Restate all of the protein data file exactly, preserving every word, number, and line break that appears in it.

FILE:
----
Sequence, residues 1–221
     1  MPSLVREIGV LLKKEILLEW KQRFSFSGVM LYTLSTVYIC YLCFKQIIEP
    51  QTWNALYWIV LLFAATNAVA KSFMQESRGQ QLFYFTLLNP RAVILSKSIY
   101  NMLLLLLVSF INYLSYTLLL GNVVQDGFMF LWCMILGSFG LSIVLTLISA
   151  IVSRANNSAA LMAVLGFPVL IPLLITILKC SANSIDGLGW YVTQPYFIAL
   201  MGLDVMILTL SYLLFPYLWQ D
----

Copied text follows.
Sequence, residues 1–221
     1  MPSLVREIGV LLKKEILLEW KQRFSFSGVM LYTLSTVYIC YLCFKQIIEP
    51  QTWNALYWIV LLFAATNAVA KSFMQESRGQ QLFYFTLLNP RAVILSKSIY
   101  NMLLLLLVSF INYLSYTLLL GNVVQDGFMF LWCMILGSFG LSIVLTLISA
   151  IVSRANNSAA LMAVLGFPVL IPLLITILKC SANSIDGLGW YVTQPYFIAL
   201  MGLDVMILTL SYLLFPYLWQ D